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Emergency savings – how much cash should you hold?

1 in 4 of us don’t hold any savings at all. We take a look at how much cash people should consider holding, and share our views on building your own emergency savings.

Important notes

This article isn’t personal advice. If you’re not sure whether an investment is right for you please seek advice. If you choose to invest the value of your investment will rise and fall, so you could get back less than you put in.

Nearly four in ten people suffered expenses out of the blue in the last year*. These weren’t small amounts either – the average cost was £1,420.

Worse still, more than half of those who experienced unexpected costs had to borrow to cover them. And one in four people said they don’t have any emergency savings at all.

We’ve made some impressive strides forward with our finances over the past year, with UK households squirreling away over £180bn. That said, one in seven people still don’t have any plans to build an emergency safety net.

Lockdowns have deprived us from dining out or buying a new pair of trainers which helped lots of us save up cash without really trying. But as we start to emerge from restrictions and things start to reopen, we might need to make a more conscious effort to cut back.

Before we bounce back to more normal circumstances, it’s probably a good time to remind ourselves why it’s important to keep some cash tucked aside.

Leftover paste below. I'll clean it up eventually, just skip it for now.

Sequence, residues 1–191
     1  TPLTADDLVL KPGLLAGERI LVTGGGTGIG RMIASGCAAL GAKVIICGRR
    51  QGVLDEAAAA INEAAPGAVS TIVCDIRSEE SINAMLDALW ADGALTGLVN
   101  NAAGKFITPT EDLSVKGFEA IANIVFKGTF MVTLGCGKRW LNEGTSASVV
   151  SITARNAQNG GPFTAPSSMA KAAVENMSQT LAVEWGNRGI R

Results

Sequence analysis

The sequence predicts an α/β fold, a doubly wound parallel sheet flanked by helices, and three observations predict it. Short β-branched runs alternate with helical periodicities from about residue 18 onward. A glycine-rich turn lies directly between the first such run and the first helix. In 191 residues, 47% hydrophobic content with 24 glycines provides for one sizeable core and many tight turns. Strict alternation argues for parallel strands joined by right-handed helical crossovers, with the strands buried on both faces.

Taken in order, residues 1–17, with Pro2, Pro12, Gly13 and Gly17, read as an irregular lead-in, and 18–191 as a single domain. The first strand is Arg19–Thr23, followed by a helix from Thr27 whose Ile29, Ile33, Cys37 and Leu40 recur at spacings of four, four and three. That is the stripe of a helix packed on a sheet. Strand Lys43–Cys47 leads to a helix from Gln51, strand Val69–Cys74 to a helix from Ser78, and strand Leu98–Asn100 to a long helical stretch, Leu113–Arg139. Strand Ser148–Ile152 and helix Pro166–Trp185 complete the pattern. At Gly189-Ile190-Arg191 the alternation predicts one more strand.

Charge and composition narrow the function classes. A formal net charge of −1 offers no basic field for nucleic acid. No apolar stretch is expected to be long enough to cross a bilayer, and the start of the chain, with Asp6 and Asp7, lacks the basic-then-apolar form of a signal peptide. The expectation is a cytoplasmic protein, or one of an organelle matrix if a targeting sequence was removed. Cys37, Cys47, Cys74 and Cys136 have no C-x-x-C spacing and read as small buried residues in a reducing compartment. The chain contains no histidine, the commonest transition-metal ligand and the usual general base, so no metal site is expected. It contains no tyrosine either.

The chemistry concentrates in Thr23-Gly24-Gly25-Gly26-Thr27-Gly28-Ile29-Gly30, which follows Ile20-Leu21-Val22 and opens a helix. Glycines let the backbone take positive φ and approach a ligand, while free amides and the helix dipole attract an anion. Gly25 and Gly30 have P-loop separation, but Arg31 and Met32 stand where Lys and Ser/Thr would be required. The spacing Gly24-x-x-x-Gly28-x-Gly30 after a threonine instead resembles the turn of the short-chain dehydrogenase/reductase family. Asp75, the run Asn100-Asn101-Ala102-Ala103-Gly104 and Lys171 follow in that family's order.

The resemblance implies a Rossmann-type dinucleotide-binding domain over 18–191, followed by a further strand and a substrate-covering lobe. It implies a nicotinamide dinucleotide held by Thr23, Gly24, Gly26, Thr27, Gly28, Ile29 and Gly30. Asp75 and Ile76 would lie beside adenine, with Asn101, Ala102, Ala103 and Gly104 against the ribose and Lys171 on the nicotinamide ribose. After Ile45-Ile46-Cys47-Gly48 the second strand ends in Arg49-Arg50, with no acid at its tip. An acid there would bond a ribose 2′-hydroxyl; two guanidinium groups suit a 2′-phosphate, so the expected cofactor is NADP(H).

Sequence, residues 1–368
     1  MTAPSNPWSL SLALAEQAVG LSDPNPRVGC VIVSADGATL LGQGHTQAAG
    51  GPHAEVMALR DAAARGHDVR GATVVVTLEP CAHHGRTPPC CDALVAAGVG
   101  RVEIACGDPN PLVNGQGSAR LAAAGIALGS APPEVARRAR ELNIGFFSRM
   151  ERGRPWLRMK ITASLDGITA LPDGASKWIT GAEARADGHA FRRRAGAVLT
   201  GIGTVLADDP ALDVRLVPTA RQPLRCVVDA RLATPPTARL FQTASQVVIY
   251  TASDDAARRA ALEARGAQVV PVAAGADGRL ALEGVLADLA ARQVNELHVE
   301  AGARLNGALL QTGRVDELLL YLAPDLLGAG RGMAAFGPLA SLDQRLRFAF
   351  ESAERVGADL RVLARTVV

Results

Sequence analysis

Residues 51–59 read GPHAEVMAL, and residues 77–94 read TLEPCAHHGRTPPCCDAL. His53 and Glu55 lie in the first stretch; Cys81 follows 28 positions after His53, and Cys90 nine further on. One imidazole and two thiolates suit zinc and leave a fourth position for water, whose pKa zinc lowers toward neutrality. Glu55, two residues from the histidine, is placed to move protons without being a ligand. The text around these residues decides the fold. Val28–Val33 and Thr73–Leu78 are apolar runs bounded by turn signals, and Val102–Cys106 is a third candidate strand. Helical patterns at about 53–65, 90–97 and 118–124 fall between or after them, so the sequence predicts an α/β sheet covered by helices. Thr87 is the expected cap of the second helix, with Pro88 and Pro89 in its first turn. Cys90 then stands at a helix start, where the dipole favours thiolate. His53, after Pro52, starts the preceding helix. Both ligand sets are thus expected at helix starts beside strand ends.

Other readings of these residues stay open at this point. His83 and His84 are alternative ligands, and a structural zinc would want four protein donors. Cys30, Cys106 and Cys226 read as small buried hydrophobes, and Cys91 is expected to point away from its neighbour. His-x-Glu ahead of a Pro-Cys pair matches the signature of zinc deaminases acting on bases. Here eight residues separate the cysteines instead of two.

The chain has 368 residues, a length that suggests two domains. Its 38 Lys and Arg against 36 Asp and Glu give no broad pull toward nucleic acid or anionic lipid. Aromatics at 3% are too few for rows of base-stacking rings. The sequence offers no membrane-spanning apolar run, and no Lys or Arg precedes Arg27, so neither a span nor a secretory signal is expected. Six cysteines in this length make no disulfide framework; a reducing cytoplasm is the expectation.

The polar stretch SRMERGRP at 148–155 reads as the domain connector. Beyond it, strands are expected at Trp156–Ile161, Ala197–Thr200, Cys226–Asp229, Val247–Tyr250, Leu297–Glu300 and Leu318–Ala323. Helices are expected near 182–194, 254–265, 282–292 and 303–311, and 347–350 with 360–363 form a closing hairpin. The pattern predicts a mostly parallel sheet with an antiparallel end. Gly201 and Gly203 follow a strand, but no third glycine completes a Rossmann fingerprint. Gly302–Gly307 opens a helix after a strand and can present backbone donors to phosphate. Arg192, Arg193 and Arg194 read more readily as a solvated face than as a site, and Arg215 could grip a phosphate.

This article gives information to help you improve your finances, but isn’t personal advice. If you’re not sure if a course of action is right for you, seek financial advice.

*HL Survey of 2,000 UK adults conducted by Opinium, April 2021.

Why hold cash in the first place?

The pandemic’s been a stark reminder to expect the unexpected and the importance of having emergency savings. While it might be an extreme example and could be something we never experience in our lives again (touch wood!), we all need money set aside to cover the unexpected within reaching distance.

We use cash for things like a new boiler, car repairs, or just a safety net in case there are income shocks like unemployment.

These types of expenses never seem to come at a ‘good’ time. But borrowing money to cover them will only increase the overall cost and could put your finances in disarray. Keeping some cash set aside makes your finances more resilient and gives you peace of mind.

Read more about the importance of holding cash

How much should you hold?

While our survey respondents got hit with an average cost of £1,420, that’s not a suggestion of how much you should hold. Everyone’s different. There’s no magic number or one-size-fits-all approach, but we think there’s a simple way to work out what’s right for you.

In general, you should think about holding at least three to six months’ worth of essential expenses as cash in your emergency savings.